On the second day of his first job, Miguel Valdovinos was shown to his cubicle and introduced to his mentor. The electrical engineer was optimistic: The senior person assigned to guide him through his career at the international electronics company had been on the job since before he was born.
Sure enough, the mentor's first words to the then 22-year-old offered direction. “He told me he would show me where the pens and paper were,” Valdovinos recalled. True to his word, the mentor pointed him to the supply cabinet.
And that was about it for the next four years. The only time his mentor took an interest in him, Valdovinos says, was when he messed up. From before Thanksgiving until after Christmas one year, he chose the wrong-size capacitors for circuits he was working on. His supervisor told his manager who told his mentor— who then told him he was doing it wrong. “They allowed it to go on for weeks,” says Valdovinos. “I was shocked.”
The mentor-mentee relationship used to be a partnership between a manager and a new hire. The experienced boss coached his rookie. When the newbie looked good, the boss looked better. Now, with managers stuck volleying emails, tackling expense-account systems and dodging high-velocity blame, time for teaching has evaporated. The HR answer to this void: the assigned-mentor programme.
These on-paper matches, often based on alma mater or shared skill set, can be awkward. The pairing can become little more than a corporate version of the buddy system. When it works, it's a learning love fest. But, sometimes, the mentor just doesn't like the kid, and the rookie is sent into a tailspin of angst and self-doubt. “When you're a mentee, you're thrown back into kindergarten,” says Callie Blyze. “You're trying to cling to this person.”
Blyze, 21 years old, was assigned a mentor on her first day as an intern this summer. She sat in a boardroom with 11 other interns, all in suits, waiting nervously as the advisers filed in one-by-one to claim their playmates.
“We looked like we were in our parents’ clothes,” says Blyze. Her heart leapt when she heard her name called and anxiously met who she hoped would be her new office BFF (best friends forever).
That day, after a pizza lunch and a quick office tour, Blyze was hopeful. But as the internship progressed, she got the feeling her mentor wasn't that interested in her. She was included in talks about an employee jaunt outside the office for a project. But when it was time to go, she was left behind. “You say ‘What's wrong with me?’ when maybe it's not you, it's the situation,” says Blyze.
The assigned-mentor system is the corporate answer to cutbacks, explains Peter Cappelli, professor of management at the Wharton School at the University of Pennsylvania. It's a way of development he calls “quick and dirty and cheap”. It makes fiscal sense to have everybody grab a buddy and help one another out.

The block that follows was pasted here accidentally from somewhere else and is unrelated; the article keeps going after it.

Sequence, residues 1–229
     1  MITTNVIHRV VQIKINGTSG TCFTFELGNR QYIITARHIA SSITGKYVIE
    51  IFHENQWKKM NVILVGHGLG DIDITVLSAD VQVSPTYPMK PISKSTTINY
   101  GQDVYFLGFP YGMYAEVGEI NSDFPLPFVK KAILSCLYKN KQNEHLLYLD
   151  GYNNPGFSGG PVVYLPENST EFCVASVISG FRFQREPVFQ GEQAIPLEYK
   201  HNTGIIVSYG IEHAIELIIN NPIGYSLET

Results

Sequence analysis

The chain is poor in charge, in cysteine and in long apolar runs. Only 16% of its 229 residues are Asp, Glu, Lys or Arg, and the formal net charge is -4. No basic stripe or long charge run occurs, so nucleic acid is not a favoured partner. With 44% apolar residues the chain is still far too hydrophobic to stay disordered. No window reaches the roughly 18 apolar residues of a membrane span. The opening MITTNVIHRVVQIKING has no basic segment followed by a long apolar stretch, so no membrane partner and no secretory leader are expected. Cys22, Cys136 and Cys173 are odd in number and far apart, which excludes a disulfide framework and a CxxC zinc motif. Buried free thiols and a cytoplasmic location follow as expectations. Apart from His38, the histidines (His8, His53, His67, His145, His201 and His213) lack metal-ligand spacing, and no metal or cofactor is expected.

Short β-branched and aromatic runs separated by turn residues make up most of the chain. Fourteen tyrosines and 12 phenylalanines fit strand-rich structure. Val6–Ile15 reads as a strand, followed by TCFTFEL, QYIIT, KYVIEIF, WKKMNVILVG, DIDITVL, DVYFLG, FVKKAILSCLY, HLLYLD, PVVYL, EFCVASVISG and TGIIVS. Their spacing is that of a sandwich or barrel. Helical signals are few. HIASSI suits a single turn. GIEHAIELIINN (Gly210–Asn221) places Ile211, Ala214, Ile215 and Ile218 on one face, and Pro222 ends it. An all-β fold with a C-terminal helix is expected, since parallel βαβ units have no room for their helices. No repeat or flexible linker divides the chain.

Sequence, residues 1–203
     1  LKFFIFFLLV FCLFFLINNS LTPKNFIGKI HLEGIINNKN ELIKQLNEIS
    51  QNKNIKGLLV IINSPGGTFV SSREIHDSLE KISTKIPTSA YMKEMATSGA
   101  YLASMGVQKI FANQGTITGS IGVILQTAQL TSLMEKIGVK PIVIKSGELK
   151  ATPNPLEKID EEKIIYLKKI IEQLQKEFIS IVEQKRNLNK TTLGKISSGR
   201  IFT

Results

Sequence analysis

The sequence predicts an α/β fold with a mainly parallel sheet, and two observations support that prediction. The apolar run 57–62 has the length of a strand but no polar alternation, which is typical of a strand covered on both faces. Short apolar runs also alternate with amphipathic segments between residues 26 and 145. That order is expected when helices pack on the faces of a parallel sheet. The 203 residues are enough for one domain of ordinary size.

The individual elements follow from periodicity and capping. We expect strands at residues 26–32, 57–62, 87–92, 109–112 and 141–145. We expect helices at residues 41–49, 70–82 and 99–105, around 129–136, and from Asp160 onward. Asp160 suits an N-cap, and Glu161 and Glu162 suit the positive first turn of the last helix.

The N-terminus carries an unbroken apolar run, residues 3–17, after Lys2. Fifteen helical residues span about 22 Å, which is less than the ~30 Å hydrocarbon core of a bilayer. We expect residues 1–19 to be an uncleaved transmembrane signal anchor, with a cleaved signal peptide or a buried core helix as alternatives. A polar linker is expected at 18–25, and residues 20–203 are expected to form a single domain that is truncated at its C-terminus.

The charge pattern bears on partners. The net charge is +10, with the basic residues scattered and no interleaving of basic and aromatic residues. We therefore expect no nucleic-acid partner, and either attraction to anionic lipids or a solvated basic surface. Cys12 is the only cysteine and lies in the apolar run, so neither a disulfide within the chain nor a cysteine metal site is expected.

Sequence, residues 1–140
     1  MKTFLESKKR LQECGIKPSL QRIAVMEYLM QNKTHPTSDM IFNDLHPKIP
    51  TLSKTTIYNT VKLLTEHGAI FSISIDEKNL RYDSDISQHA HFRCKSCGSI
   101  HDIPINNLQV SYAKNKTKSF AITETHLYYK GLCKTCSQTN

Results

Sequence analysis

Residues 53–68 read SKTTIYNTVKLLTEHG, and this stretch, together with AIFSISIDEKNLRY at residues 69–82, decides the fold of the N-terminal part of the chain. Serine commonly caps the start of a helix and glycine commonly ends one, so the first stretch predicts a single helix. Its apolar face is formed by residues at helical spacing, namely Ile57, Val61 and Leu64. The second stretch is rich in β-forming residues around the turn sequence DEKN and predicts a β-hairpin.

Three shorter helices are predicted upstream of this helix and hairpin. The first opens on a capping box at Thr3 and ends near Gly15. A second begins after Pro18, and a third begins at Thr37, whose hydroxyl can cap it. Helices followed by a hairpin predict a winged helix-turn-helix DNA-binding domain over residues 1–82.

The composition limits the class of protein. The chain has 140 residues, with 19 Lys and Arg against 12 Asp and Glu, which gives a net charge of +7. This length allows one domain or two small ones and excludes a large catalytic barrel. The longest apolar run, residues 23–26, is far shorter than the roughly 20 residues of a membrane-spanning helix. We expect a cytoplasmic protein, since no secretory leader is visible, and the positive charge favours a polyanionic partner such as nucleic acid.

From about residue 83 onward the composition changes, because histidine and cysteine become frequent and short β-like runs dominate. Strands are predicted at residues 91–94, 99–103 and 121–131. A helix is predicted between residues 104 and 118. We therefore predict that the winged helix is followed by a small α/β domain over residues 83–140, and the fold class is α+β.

But the solution is flawed. Bosses, with increasingly more people to manage, don't have time to give the kind of guidance a new hire requires, so they assign it to someone else. These people have no attachments to their mentee and no stake in the person's future. “You're just leaning on people's citizenship,” Cappelli says.
When left to their own devices, new hires often do no better. After college, Noah Brodsky moved to Maui and took a job at a company with a choose-your-own-mentor programme. At 22, and alone in an unfamiliar place, he picked a mentor he hoped would be an adviser and a friend. She was slightly ahead of him on his planned career track and, as a bonus, his next-door neighbour.
For the first six months, Brodsky says, it went swimmingly. Then one day, his mentor became his tormentor. She ordered him to her office and accused him of cutting down the bushes between their houses so he could have a better view of the ocean. He denies her claim, but the clash ended the mentorship on the spot. “She wouldn't even make eye contact with me in the halls,” says Brodsky.
Pettiness aside, even if a mentor once held the same position as the mentee, the job duties have likely morphed into something different, resulting in irrelevant advice. The hurdles multiply when the two are in different departments.
Darlene Litam had a trio of supporters at her summer internship: a “buddy”, a manager and a mentor. Her buddy was her guide and her manager evaluated her work. Her mentor? Not as clear. He was in another division and “wasn't familiar at all” with what she did, Litam says. She sought his advice only “as a formality”.
The best advice she got was from somebody else's buddy. He had been there longer than her buddy and worked on her team. She felt comfortable asking him “day-to-day stupid things”, and having him look over her project before showing it to her manager. He made helpful suggestions. “He was kind of like all three,” she says. “But,” she adds quickly, “that was very unofficial.”
(Jared Sandberg is on vacation. Write to firstname.lastname@example.org)